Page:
If you’ve ever wondered what college students used to wear to class 100 years ago, the Museum at FIT has the answer. This September, the museum will be exhibiting “Ivy Style,” a look at how the “Ivy League Look” has become a classic form of dressing. While the style originated with wealthy, young men, the style transcended the Ivy League and influenced the way men dressed across the country for decades.
The exhibit at the museum will focus on three periods: the interwar years of the 1920’s to the 1930’s; the post-war era to the end of the 1960’s; and, from the 1980’s to the present. The period items to be featured run the gamut from tweed jackets to letter sweaters, and university reunion and class jackets to athletic wear. Needless to say, current staples like hoodies, caps, and sweats were not a part of these wardrobes.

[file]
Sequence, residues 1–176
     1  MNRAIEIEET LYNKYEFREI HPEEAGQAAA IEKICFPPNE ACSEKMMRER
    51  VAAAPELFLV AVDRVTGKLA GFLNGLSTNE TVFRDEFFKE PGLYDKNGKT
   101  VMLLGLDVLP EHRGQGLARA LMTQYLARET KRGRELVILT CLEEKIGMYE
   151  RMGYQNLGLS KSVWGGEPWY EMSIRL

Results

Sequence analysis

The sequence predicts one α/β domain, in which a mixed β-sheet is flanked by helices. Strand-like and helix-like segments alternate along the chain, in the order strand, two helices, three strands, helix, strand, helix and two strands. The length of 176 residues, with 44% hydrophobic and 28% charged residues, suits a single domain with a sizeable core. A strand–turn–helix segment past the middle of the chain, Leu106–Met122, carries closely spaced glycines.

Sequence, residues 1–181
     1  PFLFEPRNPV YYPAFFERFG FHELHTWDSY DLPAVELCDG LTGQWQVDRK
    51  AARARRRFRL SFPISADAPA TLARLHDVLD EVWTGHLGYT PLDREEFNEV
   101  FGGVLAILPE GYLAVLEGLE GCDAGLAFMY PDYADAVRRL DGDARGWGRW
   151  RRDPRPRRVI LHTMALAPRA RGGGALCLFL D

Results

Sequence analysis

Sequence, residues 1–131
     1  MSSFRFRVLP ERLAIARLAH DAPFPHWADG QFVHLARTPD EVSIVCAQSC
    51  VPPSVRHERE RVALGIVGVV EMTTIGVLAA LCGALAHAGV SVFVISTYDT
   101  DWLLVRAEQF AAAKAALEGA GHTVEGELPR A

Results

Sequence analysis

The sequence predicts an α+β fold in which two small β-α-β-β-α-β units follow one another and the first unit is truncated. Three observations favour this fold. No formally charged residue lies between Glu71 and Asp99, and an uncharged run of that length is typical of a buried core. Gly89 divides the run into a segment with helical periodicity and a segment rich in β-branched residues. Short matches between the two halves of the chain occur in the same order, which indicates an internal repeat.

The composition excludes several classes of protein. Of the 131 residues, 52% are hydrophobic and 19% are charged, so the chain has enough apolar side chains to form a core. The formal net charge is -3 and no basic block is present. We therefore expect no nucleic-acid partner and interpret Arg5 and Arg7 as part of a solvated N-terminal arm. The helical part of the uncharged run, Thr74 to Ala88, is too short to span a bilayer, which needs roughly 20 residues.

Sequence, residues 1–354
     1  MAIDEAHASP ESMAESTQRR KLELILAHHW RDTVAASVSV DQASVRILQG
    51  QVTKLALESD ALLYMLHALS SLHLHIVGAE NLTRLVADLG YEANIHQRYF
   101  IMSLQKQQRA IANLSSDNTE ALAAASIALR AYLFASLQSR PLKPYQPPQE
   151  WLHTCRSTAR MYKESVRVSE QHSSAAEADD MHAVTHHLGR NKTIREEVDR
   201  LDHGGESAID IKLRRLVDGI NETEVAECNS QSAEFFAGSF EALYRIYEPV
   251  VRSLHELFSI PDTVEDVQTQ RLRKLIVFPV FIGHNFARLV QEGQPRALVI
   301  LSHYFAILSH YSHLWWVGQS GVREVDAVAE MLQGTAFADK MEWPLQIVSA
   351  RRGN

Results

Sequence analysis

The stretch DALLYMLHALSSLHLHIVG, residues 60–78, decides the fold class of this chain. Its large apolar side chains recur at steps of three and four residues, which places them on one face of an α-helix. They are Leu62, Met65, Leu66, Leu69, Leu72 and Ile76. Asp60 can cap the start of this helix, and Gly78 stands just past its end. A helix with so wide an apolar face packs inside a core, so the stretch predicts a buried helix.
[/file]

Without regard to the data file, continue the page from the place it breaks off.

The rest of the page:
Pieces will be arranged in vignettes made to look like scenes on a university campus – a student quad, athletic club, and fraternity house. Objects by the following firms will be represented: Brooks Brothers, J. Press, Chipp, Gant, The Andover Shop, Bass, Arrow, Ralph Lauren, Jeffrey Banks, J. McLaughlin, Tommy Hilfiger, Thom Browne, Michael Bastian, and others. Many unique Ivy League objects, such as period photographs and sports ephemera, will be on loan from the Cary Collection, a New York City repository of rare books, fine art, and vintage memorabilia.
A book on the exhibit will accompany the opening. Essays from Patricia Mears, exhibition curator and Deputy Director of the Museum at FIT; scholars Dr. Peter McNeil, Dr. Christopher Breward, and Dr. Masafumi Monden; leading menswear writer G. Bruce Boyer; and founder of the Ivy Style blog, Christian Chensvold will examine the enduring impact of these fashions.
While this look has not inhabited college campuses of late, this exhibit may just be the inspiration needed for a new wave of nicely dressed students on campuses across the state.
“Ivy Style” will be on exhibit from September 14, 2012 to January 5, 2013. For more information on the exhibit, visit the Museum at FIT here.